AI is arguably the most important kind of HPC in the world right now in terms of providing immediate results for immediate problems, and particularly for enterprises with lots of data and a desire to make money in a new economy that does not fit models and forecasts before the coronavirus pandemic.
No surprises then that all of the tech vendors are trying to cash in, developing products and services aimed at making AI more accessible to their many enterprise customers, allowing them to take advantage of the modern technologies while not having to invest in expensive infrastructure or the rare and expensive people who know how to build and run AI infrastructure in practice.
At The Next Platform, we have been writing about such efforts for several years, as companies like Lenovo, Dell, Hewlett Packard Enterprise, and Cray (now part of HPE) have rolled out offerings designed to lower the bar of entry for organizations to technologies that have for a long time been the domain of large and well-resourced behemoths like Google, Amazon and Microsoft.
Most recently, HPE unveiled its Machine Learning Development System, pulling together accelerated hardware and software to create an AI stack that includes HPE systems, AMD chips and Nvidia GPUs and it designed to enable enterprises to build and train AI models at scale. The effort was driven by HPE’s acquisition last year of startup Determined AI.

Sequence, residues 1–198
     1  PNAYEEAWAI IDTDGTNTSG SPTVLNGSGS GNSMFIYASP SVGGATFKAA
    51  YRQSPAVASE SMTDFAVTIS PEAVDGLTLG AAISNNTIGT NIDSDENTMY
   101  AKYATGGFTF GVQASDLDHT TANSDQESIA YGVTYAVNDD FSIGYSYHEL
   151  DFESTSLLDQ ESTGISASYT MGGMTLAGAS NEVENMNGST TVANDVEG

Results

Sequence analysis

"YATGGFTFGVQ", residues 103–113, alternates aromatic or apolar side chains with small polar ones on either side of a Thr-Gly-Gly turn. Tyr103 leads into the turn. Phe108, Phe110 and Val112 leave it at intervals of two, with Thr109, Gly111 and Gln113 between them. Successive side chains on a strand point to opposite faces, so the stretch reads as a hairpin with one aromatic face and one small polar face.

Last month, Lenovo talked about its Lenovo Intelligence Computing Orchestrator, or LICO, an expansion of its Antilles HPC infrastructure management software tool to include AI workloads.
Most such initiatives are designed to help enterprises bypass the costs and complexities that come with AI training and inferencing, such as building and managing the infrastructure, particularly as it becomes more distributed as the models get larger and more compute is needed.
It was an issue a couple of graduate students, Robert Nishihara and Philipp Moritz, and a computer science professor, Ion Stoica, at the University of California Berkeley encountered while conducting research into AI and machine learning at the school’s RISELab.